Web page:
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Growth and Development of the Main Greek Oriental Tobacco Cultivars

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A microwave generator and a closed-circuit wind tunnel were used to study thermoregulatory responses of tobacco leaf. Heating and cooling curves at various wind velocities showed the maximum reduction of steady-state temperature occurred at 10 cm / s. Wind gusts of high intermittency were very effective in transferring heat from leaf tissue; gust interval and dynamic equilibrium leaf temperature were found to be linearly related. Thermal-time constant and half-cooling time of a tobacco leaf were determined as a function of wind velocity under the conditions of the Newtonian law of cooling. It was determined that transpirational cooling of tobacco leaf in total darkness could occur if leaf temperature was raised above 40°C. This study confirmed that microwaves can be effectively used to study heat exchanges of flue-cured tobacco leaves in vivo under both continuous and fluctuating wind conditions.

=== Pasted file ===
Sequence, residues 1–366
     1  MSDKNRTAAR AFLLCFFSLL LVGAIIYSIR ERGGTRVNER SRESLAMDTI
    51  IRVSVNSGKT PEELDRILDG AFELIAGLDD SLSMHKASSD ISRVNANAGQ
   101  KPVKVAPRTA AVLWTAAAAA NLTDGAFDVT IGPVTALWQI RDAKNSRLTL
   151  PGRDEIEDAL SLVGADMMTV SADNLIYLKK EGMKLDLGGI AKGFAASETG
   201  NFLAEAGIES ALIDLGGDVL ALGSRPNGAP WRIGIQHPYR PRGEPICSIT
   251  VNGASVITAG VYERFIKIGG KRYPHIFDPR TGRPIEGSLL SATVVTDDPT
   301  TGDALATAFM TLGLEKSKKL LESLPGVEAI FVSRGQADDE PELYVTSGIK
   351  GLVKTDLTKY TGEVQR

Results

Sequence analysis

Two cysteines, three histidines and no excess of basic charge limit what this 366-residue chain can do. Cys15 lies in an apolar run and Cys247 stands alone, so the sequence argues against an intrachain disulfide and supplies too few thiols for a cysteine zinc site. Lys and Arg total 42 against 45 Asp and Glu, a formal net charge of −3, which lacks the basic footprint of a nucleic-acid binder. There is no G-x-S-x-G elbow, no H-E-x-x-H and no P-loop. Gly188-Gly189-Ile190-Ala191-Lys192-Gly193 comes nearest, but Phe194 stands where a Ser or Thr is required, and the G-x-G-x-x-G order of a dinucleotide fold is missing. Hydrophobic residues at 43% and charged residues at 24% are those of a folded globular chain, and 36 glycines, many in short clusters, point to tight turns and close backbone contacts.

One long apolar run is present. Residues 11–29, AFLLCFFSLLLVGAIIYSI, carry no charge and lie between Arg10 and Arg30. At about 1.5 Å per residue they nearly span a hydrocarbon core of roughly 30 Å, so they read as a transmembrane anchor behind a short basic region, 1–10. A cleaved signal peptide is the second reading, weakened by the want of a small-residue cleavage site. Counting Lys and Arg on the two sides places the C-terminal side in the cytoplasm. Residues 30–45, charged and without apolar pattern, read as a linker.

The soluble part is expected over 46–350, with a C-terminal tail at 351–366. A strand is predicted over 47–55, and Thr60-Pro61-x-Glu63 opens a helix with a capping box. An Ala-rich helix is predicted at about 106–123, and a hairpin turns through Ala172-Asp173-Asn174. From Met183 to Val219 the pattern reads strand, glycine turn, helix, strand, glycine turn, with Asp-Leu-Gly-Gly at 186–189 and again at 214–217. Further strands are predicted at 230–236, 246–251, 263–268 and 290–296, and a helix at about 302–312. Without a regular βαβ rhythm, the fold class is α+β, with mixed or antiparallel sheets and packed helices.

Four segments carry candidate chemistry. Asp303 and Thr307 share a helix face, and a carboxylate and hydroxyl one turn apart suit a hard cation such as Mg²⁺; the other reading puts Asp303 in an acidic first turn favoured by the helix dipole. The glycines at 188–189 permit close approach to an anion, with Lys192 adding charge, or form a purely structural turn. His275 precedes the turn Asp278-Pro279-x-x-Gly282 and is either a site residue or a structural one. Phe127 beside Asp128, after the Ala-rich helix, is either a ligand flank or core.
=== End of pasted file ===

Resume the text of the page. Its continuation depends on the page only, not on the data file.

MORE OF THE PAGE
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General Interest, Life Sciences, other, Physics